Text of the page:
Did Jesus Mean What He Said At The Last Supper?

Did Jesus Mean What He Said At The Last Supper? May 29, 2024

My dad was a fastpitch softball pitcher and growing up, I spent many weekends accompanying him on trips throughout Southern California to various tournaments. I learned to keep score and to make my own lunch. One time, he made us peanut butter and butter sandwiches. From then on, I made sure to pack for myself. Often, the softball fields were far from civilization and the local snack bar was the only opportunity to buy something. For one larger tournament, however, we were in the middle of a city and I went and visited a local Christian bookstore.

Perusing Protestant Bibles

I moseyed around and perused one of their Bibles. When this happened, I must have been in High School and was already interested in apologetics, the art of arguing for the truth of the faith. I knew that the Sacrament of the Eucharist is a point of contention between Catholics and Christians of other denominations, so I opened this Protestant Bible to one of the passages that relates the Institution of the Eucharist. The Bible footnotes stated clearly that the words he spoke at the Last Supper were purely symbolic. It could sound like this explanation I found on a website from a small church in Memphis.

By referring to the bread and wine as His body and blood, Jesus was symbolically offering Himself as a sacrifice for the sins of humanity. This act of selfless love and sacrifice is a central tenet of the Christian faith and inspires Christians to follow Jesus’ example of serving others with humility and love (Nikki Halford, “The Last Supper: Understanding Jesus’ Sacrificial Love”).

I was a bit confused, because I had plenty of Christian friends from other denominations and they always insisted on taking the Bible at face value. What was it about this passage that made them take it differently? Normally, these Christians refer to the Bible as the rule of faith.

Rule of Faith

The Bible is the light that illumines itself. And reading light by light, according to the ancient tradition of the church, is to read the Bible by the rule of faith (Todd Hains, “The Rule of Faith Illumines the Bible by the Bible’s Own Light”).

Nevertheless, these same people would have us believe that when Jesus says literally “this is my body,” and “this is my blood,” we are to interpret it symbolically. He is “symbolically offering Himself,” instead of establishing the New Covenant that will be sealed by his blood shed on the cross.

Words of Institution

While they were eating,
he took bread, said the blessing,
broke it, gave it to them, and said,
“Take it; this is my body.”
Then he took a cup, gave thanks, and gave it to them,
and they all drank from it.
He said to them,
“This is my blood of the covenant,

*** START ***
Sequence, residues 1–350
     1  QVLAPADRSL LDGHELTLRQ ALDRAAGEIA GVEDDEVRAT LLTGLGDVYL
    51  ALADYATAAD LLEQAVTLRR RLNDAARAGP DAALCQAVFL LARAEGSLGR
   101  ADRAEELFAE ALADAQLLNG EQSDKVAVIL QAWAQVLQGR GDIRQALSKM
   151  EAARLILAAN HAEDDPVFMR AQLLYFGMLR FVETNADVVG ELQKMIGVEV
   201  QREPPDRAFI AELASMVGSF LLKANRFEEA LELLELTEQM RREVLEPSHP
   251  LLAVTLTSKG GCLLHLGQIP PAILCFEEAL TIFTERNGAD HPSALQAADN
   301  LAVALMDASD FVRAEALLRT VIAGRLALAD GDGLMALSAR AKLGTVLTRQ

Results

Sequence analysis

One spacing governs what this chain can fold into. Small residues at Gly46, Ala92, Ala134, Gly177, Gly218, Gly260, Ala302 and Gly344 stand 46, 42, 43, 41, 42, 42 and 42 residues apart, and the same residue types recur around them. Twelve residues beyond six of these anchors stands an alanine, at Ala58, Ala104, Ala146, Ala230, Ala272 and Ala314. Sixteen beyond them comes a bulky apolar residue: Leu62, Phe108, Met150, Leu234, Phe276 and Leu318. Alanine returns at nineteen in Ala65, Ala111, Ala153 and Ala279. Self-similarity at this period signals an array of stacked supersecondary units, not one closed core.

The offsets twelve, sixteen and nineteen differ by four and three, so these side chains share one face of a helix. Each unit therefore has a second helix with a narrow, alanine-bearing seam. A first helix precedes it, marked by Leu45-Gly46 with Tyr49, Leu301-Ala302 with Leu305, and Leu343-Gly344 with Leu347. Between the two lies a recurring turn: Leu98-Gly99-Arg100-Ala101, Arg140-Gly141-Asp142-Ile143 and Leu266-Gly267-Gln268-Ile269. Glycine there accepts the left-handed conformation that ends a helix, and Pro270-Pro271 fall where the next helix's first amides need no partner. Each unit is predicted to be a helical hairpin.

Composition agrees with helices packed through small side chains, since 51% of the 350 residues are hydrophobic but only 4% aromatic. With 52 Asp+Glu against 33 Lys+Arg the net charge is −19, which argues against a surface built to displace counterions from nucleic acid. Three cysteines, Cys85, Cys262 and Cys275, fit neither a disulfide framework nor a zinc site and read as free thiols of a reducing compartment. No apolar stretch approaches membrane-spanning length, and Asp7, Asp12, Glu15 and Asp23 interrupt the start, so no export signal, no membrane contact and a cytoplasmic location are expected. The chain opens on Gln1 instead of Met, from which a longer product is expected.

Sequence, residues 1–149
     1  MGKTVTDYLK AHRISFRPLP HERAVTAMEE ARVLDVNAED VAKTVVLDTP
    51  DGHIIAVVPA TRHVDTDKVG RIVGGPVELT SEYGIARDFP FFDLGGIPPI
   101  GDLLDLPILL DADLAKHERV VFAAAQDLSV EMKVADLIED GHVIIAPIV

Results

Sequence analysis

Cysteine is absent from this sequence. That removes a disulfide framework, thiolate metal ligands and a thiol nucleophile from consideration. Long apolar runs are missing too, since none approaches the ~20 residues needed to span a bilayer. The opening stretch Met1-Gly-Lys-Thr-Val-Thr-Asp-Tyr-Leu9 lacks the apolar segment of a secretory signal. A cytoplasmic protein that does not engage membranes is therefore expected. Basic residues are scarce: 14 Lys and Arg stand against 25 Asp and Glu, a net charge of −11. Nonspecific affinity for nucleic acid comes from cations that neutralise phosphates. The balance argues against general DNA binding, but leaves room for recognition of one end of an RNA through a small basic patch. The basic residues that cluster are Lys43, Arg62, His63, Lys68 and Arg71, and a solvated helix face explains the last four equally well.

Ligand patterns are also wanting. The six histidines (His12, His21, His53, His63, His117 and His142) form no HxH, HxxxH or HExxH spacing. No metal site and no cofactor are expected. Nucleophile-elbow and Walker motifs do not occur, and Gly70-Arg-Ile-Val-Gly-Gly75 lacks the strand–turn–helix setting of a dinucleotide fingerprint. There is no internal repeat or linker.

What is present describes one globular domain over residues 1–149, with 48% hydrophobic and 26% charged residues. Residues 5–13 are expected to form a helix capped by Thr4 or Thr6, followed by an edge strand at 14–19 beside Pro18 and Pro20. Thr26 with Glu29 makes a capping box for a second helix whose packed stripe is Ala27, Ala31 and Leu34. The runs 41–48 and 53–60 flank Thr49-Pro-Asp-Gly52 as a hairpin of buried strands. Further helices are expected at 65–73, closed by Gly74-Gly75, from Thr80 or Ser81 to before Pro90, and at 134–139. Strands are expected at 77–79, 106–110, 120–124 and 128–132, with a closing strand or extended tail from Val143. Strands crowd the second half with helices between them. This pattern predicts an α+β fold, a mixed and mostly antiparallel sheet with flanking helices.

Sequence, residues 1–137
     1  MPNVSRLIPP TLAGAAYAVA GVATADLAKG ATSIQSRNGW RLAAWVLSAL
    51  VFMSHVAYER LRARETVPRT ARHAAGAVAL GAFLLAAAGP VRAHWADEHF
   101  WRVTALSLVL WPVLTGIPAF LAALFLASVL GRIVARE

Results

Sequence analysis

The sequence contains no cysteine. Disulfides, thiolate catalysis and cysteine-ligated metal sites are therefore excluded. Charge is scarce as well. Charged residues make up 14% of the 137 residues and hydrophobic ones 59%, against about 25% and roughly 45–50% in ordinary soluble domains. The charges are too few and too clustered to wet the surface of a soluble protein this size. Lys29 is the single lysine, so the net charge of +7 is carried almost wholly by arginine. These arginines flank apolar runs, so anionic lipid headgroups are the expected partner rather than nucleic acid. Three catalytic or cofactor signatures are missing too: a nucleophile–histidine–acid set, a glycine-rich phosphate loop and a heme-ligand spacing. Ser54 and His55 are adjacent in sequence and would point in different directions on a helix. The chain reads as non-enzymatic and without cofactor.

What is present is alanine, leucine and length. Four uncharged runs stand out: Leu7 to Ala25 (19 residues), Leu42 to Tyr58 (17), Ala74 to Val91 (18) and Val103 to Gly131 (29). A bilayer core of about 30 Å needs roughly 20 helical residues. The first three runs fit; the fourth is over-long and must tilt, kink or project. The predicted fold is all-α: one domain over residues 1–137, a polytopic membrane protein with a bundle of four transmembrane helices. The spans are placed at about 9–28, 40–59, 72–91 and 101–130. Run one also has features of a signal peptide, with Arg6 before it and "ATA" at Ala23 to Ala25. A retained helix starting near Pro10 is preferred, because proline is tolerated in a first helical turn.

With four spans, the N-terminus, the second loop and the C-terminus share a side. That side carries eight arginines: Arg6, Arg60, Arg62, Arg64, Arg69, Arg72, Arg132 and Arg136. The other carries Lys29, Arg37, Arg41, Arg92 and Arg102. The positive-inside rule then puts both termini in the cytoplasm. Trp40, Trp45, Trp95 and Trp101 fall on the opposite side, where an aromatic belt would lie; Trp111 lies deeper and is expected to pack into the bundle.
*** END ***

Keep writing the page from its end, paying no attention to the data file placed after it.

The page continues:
which will be shed for many.
Amen, I say to you,
I shall not drink again the fruit of the vine
until the day when I drink it new in the kingdom of God” (Mk. 14:22-24).

If we take Jesus at his word, his disciples received his very body and blood at the Last Supper. We re-enact this moment each time that we celebrate Mass and when we receive Communion, we receive Jesus himself. In the Eucharist, Christ is truly, really and substantially contained.

Adoration of the Eucharist
From the Last Supper to the Eucharist | Courtesy: Pexels.com

Real Presence

The mode of Christ’s presence under the Eucharistic species is unique. It raises the Eucharist above all the sacraments as “the perfection of the spiritual life and the end to which all the sacraments tend.” In the most blessed sacrament of the Eucharist “the body and blood, together with the soul and divinity, of our Lord Jesus Christ and, therefore, the whole Christ is truly, really, and substantially contained.” “This presence is called ‘real’ – by which is not intended to exclude the other types of presence as if they could not be ‘real’ too, but because it is presence in the fullest sense: that is to say, it is a substantial presence by which Christ, God and man, makes himself wholly and entirely present.” (Catechism of the Catholic Church, 1374).

Jesus is present in the fullest sense in the Eucharist. He makes himself present to all believers and we can learn much from Christians of other denominations who love the Lord truly. However, we should never wish to abandon the faith that allows us to come into contact with him really and substantially as happens through Holy Communion. As we celebrate the Solemnity of Corpus Christi, let us open our hearts and ignite our faith so that we can receive him more worthily.

What do you think? Comment below.

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About Fr. Nicholas Sheehy, LC
Fr. Nicholas Sheehy was ordained a Catholic priest in 2013 for the Legionaries of Christ. He has been involved in youth work including missions, retreats and apostolic outreach in Germany, Italy, the United States and Central America. He is passionate about the New Evangelization and formation for young adults and married couples. He is a spiritual director and retreat director, offering marriage preparation and marriage counseling through the Divine Mercy Clinic and Family Center. He is currently Executive Director and Chaplain of the Newman Center at St. Philip the Apostle Parish in Pasadena, California. You can read more about the author here.
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